Almost everyone who lives outside a city center knows how to mow a lawn, but that doesn’t mean they know how to do it well. By making a few changes to your mowing habits, you can get a healthier, better looking lawn.
Check the lawn before you mow. A loose rock or hidden toy can turn into a dangerous projectile once it’s hit by your mower’s blades. Once you’re underway, shut off the engine before crossing areas that aren’t grass-covered. If the blade hits pavement, it can snap or make the mower buck violently.
Small engines are loud. While your first concern may be annoying your neighbors, it should be your ears. Always wear hearing protection when using your mower.
Run out of fuel? Take a break. If you give the mower a few minutes to cool down, it’s far less likely that a small spill from your fuel will turn into a fire. Once the tank is topped up, roll your mower a few feet away before starting. This keeps the engine heat from igniting any lingering fumes.
This is one of the most common mistakes in lawn care: homeowners think that mowing lower means they’ll need to mow less often. While that’s technically true, it also damages the grass: damaged crowns are hard to repair, a lack of leaf area limits the amount of energy the grass can produce, and grass can be cut away entirely through scalping.
How short should you cut the grass? It depends on the varieties that are growing on your lawn. These are the recommended heights for common turf grasses:
- Bent: ¼ to 1 inch
- Hybrid Bermuda: ½ to 1 inch
- Common Bermuda: ¾ to 1 ½ inches
- Centipede and zoysia: 1 to 2 inches
- Ryegrass: 1 ½ to 2 inches
- Fine fescue and St. Augustine: 1 ½ to 2 ½ inches
- Kentucky bluegrass: 1 ¾ to 2 ½ inches
- Bahia, tall fescue, buffalo and blue grama: 2 to 3 inches
Keep the grass longer in stressful conditions, whether temperatures are high or sun-loving grass is trying to grow in the shade.
Only mow 1/3 of the total length of grass at one time to make it easier for the plants to recover. If you let the grass get too long, do one pass to shorten the grass, then wait a couple days before making a second pass to get it to the right height.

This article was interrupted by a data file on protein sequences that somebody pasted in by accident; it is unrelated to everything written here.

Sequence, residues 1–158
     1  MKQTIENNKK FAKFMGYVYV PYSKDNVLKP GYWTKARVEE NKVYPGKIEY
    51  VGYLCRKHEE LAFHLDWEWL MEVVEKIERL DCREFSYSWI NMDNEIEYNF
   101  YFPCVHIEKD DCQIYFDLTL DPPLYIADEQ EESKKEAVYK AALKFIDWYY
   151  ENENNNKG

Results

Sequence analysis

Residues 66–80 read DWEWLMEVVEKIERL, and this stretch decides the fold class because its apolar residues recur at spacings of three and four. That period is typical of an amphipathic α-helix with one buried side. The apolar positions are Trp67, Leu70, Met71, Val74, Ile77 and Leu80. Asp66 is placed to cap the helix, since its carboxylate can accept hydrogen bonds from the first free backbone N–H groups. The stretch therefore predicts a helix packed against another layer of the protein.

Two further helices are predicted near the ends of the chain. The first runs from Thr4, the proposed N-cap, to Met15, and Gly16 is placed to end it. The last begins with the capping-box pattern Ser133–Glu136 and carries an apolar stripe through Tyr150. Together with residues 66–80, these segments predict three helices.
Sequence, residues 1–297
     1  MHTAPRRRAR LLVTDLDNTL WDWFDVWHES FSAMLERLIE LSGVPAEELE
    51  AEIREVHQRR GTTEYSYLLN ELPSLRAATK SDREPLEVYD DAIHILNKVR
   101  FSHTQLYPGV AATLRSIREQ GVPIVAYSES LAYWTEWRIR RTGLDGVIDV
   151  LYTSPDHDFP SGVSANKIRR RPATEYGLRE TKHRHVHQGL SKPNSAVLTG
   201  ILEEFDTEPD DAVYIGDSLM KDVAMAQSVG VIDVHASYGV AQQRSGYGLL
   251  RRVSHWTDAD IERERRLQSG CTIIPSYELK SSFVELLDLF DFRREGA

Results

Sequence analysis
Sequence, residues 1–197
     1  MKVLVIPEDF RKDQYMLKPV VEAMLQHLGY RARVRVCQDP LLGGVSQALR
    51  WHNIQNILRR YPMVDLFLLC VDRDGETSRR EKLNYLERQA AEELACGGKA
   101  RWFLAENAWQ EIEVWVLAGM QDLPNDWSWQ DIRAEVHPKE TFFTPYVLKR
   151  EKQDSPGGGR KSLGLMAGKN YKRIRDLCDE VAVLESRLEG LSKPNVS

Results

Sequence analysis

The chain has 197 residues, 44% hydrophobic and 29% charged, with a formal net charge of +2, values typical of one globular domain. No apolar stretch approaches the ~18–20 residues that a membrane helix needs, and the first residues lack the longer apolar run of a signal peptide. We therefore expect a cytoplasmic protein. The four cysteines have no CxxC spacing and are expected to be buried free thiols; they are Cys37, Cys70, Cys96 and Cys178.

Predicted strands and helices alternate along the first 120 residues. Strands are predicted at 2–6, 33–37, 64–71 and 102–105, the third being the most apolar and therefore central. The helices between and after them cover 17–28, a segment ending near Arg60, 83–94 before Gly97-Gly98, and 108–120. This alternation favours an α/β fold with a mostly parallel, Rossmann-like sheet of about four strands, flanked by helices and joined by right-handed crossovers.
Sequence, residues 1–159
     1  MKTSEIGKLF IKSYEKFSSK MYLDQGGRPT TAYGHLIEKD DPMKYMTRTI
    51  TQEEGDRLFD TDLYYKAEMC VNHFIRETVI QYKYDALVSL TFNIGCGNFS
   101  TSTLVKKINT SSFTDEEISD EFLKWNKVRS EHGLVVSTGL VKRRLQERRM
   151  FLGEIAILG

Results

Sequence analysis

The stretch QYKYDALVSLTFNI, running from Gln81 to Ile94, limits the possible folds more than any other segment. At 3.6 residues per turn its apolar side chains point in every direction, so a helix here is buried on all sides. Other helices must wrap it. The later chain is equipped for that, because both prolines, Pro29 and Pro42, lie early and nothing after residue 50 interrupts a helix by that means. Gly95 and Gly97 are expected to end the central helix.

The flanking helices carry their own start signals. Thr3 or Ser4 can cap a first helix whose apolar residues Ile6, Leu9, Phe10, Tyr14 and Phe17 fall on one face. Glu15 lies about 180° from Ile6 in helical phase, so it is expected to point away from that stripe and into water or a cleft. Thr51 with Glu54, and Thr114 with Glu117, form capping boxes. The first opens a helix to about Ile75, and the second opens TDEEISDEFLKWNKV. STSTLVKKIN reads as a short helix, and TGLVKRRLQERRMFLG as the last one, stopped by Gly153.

When you seed new grass, let it grow until it’s at least one inch higher than the recommended cutting height.
When to Mow
Avoid mowing when the ground is wet. This makes it harder for the blades to cut through the grass, and the weight of the mower can compact the soil, leading to root damage and drainage problems.
If your mower can mulch, this mode should be used most of the time. Switching to side discharge will get a better cut on wet grass, while bagging can be used to stop the spread of weeds.
If you’re using the side discharge, mow in a circle, aiming the clippings inward. This lets your mower chop up larger clippings into a smaller size that’s easier for the soil to digest.
Mowing Around Trees
A mower can do major damage to trees by slicing into exposed roots and damaging bark during impacts. If you want to protect your trees, add some landscaping around the trunk so you can keep your distance. This also helps the tree stay cool and retain water in the summer.
Use Quality Parts to Get a Quality Finish
Do you want to start mulching? Is your mower due for some new blades or some general maintenance? Everything you need for your Cub Cadet is available from www.cubparts.com. We’re a dealer for Cub Cadet and their manufacturing partners including Kawasaki, Kohler and Briggs & Stratton, which means we’re able to offer everything you may need for your mower. Our site lets you look at parts diagrams and descriptions for your model straight from the manufacturer so you can be sure you’re ordering exactly what you need. We ship to both the US. and Canada.